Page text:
Extracts obtained using the more rigorous method at concentrations of 1000 mg/l (w/v) were generally completely lethal to shrimp, whereas 20% and 40% of shrimp survived at extract concentrations of 100 and 10 mg/l, respectively. There was little variation in toxicity to shrimp among extracts obtained from different pawpaw selections.

In initial experiments, pawpaw twig extracts at concentrations of 5000 g/l were not toxic to striped cucumber beetles when beetles were directly treated with extract. Also, treatment of leaves with such extracts did not greatly deter beetles from feeding on leaves when leaves were treated with extract.

Impacts and Contributions/Outcomes

General Impact

Striped and spotted cucumber beetles are important insect pests in the production of cucurbits because they feed on these plants and act as vectors of the pathogen which causes bacterial wilt disease. Current organic insecticides for cucumber beetles (e.g., rotenone, pyrethrins) are highly toxic to humans and/or easily degraded by sunlight. Cucumber beetles were the most important organic vegetable insect pest identified in a national survey and in a survey conducted in Kentucky by the authors in a SARE planning project. Thus, cucumber beetles are an important national and local problem. Organic vegetable production is especially appealing to small farmers. Improvement of organic management methods for cucumber beetles would make organic production of cucurbits more profitable for small farmers and help to preserve small farms. Also, such improvements should reduce use of inorganic insecticides, which are potential environmental pollutants and health hazards. Results from 2003 indicated that use of row covers, companion plants, and Al-coated plastic significantly increased organic muskmelon yields through management of cucumber beetles. Thus, adaptation of these methods by organic growers has national and local impact.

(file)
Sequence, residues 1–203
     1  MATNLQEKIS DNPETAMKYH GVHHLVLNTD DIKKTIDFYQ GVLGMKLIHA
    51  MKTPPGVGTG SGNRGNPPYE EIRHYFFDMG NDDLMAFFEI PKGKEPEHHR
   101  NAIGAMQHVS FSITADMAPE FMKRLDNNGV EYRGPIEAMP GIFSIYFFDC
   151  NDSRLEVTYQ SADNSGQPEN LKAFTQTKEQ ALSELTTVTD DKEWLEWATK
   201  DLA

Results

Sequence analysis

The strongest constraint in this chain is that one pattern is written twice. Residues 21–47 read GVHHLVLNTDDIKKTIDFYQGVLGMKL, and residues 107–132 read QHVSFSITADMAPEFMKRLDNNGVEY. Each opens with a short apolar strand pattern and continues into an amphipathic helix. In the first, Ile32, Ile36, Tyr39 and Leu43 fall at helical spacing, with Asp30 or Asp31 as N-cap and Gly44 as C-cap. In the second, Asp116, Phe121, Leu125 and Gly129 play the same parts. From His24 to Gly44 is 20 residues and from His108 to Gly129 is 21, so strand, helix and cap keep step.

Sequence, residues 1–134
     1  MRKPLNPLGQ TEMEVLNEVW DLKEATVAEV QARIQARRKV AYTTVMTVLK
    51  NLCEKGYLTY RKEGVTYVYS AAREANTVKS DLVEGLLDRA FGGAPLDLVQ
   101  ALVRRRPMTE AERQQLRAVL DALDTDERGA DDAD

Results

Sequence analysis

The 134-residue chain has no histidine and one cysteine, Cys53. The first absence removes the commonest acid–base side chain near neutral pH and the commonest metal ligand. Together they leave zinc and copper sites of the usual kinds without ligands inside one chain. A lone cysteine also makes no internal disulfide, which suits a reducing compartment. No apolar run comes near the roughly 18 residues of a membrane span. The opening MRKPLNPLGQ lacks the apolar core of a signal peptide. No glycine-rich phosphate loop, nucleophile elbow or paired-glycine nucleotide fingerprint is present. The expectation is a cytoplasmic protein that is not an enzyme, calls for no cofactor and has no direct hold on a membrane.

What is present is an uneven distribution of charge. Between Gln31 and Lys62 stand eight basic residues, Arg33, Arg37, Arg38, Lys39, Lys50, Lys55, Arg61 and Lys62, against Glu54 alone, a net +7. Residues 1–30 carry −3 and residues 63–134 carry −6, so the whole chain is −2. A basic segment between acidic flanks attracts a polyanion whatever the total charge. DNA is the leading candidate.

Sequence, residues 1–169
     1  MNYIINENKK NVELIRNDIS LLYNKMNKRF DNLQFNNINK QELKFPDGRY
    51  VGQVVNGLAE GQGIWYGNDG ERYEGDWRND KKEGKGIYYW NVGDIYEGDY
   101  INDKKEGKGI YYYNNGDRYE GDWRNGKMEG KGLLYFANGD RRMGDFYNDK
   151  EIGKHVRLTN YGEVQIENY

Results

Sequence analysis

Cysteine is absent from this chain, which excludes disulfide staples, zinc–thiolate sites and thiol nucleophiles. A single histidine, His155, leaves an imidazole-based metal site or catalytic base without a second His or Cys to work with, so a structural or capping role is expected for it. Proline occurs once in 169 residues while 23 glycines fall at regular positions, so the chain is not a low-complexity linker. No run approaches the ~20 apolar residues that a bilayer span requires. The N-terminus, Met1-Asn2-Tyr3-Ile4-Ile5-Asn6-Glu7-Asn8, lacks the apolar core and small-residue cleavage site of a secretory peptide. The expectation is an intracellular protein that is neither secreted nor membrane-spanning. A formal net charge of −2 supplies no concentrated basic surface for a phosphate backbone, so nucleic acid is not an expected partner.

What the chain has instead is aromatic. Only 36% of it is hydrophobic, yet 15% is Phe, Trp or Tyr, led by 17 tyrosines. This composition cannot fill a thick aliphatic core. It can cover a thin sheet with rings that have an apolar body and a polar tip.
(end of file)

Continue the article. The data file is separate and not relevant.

Direct Impact

Three farmers participated in on-farm research during 2003, which tested organic methods for managing cucumber beetles. Experimental plots in the large field experiment at the Kentucky State University Research Farm viewed by participants at monthly “Third Thursday” Sustainable Agriculture Workshops and at the KSU Farm Field Day. On-farm research plots were viewed by other farmers. Results from the project were disseminated to growers and scientists by the following presentations:

Cline, G.R. S.K. Parker, J.S. Sedlacek, and A.F. Silvernail. 2003. Research in organic control of cucumber beetles. Annual Meeting of Kentucky Vegetable Growers Association. Lexington, KY. January 6-7, 2003.

Pettaway, V. 2003. Organic cucumber beetle control: toxicity of pawpaw extracts. Senior Student Biology Seminar. Kentucky State University. Frankfort, KY. February 28, 2003.

Pettaway, V., S.K. Parker, G.R. Cline, and K.W. Pomper. 2003. Organic cucumber beetle control: preliminary experiments examining toxicity of pawpaw extracts to brine shrimp. Association of Research Directors Annual Symposium. Atlanta GA. March 29-April 2, 2003.

Cline, G.R., K. Kaul, and A.F. Silvernail. 2003. Organic management of cucumber beetles in muskmelon (Cucumus melo). Kentucky Academy of Science Annual Meeting. Highland Heights, KY. Nov 6-8, 2003.


Marion Simon
Kentucy State Specialist for Small Farms
Kentucky State University
Cooperative Extension Program
Kentucky State University
Frankfort, KY 40601
Office Phone: 5025976437
John Snyder
Associate Professor
University of Kentucky
Department of Horticulture, N318 Ag Sci. N
University of Kentucky
Lexington , KY 40546
Office Phone: 8592575635